97. Sin

Tapehead no 97

It’s not often that Tapehead gets to be the bearer of glad tidings but he can announce a new series of Adult Ricki starting this week. 

Never mind Euro 96. Get out the bunting and let’s have a street party. 

Up-coming episodes include: ‘I let Him Cheat Because I’m Fat’ and ‘I’m A Prostitute And Proud Of It’. (Sugar, as a freelance writer for The Guide, Tapehead knows how you feel.)

The series kicks off with the relatively restrained ‘I Have Aids And I’m Out There Spreading It.’

Meet Gwen. An object lesson in bitterness, Gwen is HIV positive and having the time of her little life trying to wipe out as many men as possible.

“I really enjoy doin’ it. The Lord ain’t gonna punish you ? Guess 

what ? Gwen gon’ punish you !”

We also meet three men who make a point of advertising they have Aids, including one man who has HIV+ tattooed on his shoulder, although having it on his penis would surely have been more helpful.

Wheel on three people who caught Aids from someone like Gwen, and you have what is known in the trade as ‘A Pandemonium Special.’

“I know they can’t get rid of it,” Gwen sighs, exasperated. “That’s why I’m gon’ give it to ’em. That’s my gift to them.”

“After watching this programme,” says the press release, “you won’t dare even think of having unprotected sex with a stranger.”

Not with Gwen, anyway.

From one feminist role model to another.

Screen One’s Killing Me Softly is based on the trial of Sara Thornton. Ultimately, this is a strangely un-dramatic and unconvincing adaptation, probably because Thornton looks absolutely nothing like Mandi Jordache.

Much is made of the time Thornton “woke up in a police cell in the middle of the night with no clothes on, clutching a teddy bear.”

“You’re hardly a very modest person about your body area,” says the prosecution. (At least actress Maggie O’Neill could identify with her subject.)

The moral is: never trust a woman who drinks Cointreau and ginger.

The face of evil really does appear in The Day That Changed My Life.

In 1969, East End gangster Christopher Lambrianou was sentenced to life for helping Ronnie and Reggie Kray get rid of Jack “The Hat” McVitie.

Lambrianou describes his life leading up to the trial.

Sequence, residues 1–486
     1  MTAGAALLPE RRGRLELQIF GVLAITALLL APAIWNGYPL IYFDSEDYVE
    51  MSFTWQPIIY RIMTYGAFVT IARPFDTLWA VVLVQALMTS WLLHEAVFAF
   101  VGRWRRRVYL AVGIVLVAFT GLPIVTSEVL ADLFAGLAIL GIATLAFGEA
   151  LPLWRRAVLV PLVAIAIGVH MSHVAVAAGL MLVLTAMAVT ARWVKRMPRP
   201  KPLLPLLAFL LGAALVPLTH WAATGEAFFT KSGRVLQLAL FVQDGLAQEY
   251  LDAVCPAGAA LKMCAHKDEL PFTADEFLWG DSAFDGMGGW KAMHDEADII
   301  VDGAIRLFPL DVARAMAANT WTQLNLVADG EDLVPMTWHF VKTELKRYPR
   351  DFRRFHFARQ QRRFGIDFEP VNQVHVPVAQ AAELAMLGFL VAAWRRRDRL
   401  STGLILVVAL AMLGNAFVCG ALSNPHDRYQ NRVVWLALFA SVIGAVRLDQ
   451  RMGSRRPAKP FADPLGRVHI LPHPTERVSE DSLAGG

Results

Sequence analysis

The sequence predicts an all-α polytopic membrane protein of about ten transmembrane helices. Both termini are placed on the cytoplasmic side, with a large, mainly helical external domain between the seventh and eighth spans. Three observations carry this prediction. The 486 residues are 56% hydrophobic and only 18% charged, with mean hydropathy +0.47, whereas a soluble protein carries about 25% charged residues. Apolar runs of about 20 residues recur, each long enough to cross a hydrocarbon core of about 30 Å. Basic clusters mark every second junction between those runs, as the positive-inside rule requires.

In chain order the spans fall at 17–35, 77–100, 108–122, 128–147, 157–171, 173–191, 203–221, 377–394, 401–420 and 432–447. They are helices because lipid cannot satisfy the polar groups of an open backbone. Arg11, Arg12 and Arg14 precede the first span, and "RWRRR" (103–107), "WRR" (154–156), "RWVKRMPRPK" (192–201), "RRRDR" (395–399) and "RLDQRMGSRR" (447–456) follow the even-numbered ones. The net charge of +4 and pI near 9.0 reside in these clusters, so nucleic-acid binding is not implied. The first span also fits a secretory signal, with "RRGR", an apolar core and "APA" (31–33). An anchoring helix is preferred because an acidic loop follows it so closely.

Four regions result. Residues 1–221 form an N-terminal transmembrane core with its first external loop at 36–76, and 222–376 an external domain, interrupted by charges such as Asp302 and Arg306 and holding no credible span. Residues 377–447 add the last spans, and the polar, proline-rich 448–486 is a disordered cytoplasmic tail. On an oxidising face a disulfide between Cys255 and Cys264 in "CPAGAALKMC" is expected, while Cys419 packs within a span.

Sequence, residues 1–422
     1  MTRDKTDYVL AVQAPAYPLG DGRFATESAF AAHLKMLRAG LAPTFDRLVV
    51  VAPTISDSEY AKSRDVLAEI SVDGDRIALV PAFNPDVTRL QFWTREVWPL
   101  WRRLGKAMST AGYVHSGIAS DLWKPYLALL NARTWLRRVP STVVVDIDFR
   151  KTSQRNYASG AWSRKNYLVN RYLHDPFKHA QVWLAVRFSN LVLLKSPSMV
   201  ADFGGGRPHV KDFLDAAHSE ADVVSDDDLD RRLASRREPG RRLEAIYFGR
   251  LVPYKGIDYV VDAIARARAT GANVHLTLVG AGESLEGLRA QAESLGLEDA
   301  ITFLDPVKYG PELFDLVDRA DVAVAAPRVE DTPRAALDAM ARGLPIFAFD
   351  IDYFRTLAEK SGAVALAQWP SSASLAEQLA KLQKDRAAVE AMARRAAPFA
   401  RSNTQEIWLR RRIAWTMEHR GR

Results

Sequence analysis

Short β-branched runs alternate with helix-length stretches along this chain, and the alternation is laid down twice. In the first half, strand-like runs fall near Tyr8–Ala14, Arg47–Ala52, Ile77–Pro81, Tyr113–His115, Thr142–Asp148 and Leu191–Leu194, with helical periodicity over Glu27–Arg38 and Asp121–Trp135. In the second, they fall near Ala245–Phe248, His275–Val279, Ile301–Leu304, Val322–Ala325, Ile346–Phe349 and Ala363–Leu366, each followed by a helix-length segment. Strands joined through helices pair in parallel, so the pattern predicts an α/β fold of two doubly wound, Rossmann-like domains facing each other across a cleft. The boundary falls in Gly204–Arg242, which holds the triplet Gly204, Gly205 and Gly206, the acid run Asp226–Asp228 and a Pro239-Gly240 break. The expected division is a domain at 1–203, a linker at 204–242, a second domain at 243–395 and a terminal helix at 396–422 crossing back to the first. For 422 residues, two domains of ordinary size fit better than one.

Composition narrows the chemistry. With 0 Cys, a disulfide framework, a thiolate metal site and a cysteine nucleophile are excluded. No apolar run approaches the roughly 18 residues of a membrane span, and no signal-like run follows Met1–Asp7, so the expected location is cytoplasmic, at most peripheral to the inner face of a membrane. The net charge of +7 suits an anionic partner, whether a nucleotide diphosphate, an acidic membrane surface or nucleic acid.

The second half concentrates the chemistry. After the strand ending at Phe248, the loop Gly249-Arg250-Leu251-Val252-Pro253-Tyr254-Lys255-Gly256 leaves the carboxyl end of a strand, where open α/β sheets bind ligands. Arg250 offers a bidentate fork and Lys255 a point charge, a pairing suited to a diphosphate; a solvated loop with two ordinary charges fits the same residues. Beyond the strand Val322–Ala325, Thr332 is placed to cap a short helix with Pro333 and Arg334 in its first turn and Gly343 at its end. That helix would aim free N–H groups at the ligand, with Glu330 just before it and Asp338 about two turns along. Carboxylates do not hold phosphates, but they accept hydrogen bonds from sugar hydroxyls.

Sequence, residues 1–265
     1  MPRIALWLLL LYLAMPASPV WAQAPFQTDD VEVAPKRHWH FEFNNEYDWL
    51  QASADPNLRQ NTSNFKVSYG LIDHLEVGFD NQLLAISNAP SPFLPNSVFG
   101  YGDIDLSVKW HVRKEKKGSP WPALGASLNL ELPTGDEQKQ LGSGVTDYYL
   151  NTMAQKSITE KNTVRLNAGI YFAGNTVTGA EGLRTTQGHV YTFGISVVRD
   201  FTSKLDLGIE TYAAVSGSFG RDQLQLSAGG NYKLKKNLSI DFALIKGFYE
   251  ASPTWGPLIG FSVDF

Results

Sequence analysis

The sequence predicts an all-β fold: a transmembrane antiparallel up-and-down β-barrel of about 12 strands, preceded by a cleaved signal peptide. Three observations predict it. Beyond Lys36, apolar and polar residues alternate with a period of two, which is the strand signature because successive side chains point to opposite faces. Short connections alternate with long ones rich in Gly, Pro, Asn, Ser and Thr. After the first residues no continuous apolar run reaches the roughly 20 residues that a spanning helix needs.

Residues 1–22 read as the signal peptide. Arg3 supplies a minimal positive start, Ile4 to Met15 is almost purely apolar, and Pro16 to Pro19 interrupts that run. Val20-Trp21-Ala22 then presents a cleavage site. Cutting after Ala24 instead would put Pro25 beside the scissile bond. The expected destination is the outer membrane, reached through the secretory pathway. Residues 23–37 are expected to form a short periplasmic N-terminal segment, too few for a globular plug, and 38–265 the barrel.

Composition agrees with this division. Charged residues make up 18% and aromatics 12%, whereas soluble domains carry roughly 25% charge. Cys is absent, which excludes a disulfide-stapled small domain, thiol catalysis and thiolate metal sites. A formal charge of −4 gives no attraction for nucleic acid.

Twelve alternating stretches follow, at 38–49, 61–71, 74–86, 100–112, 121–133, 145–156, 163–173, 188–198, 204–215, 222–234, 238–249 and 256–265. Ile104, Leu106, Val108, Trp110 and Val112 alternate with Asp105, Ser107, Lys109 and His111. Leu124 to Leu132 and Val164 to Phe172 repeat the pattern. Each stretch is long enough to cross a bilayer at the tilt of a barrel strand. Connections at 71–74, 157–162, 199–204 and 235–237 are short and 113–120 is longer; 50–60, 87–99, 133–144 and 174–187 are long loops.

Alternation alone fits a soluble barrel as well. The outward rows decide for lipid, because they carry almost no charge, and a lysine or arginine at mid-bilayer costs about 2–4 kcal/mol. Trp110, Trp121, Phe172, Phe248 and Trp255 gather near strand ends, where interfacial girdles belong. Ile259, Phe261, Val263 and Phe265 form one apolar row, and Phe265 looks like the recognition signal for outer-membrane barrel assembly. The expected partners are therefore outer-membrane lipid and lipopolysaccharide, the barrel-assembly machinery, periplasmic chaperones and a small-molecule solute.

“Burglary, wage snatches, safe-blowing, some protection money, and blue-movie distribution.”

Illegal yes. But certainly not dull.

“People got cut up, coshed, ammonia sprayed in their faces…”

“He finished up doin’ the borstal,” remembers his brother fondly. “There’s fings that’ can’t be said, ‘cos he’s gone a bit over the top.”

“He was a very worrying person to have around you,” another geezer says. “A raving out-and-out bloody lunatic.” (And this is one of his friends.)

The night of his conversion, Lambrianou recalls, someone in the cell below him was playing this record over and over and over again. 

“I felt this cloud over me. It weren’t depression. It was something more than that. It was almost intensely evil.” 

Yes, it was Bob Dylan (Knockin’ On Heaven’s Door to be precise – a case of Chris gliding the lily if ever Tapehead heard one.)

Not surprisingly poor Chris had a total nervous breakdown, which turned into spiritual breakthrough when he “saw the Devil in the mirror” (and, on this evidence, very funny he looks too).

Twelve years after his release, Lambrianou is a devout Christian with children.

(He had twins, but didn’t call them Ronnie and Reggie). 

He works in a rehab centre and looks like John Virgo, with a penchant for wearing red Grandstand jumpers and spreading the word wherever he goes. 

Frankly, Tapehead preferred him as he was.


Adult Ricki: Thurs, 11.35pm, C4

Killing Me Softly: Sun, 9pm, BBC1

The Day That Changed My Life: Mon, 8pm, BBC2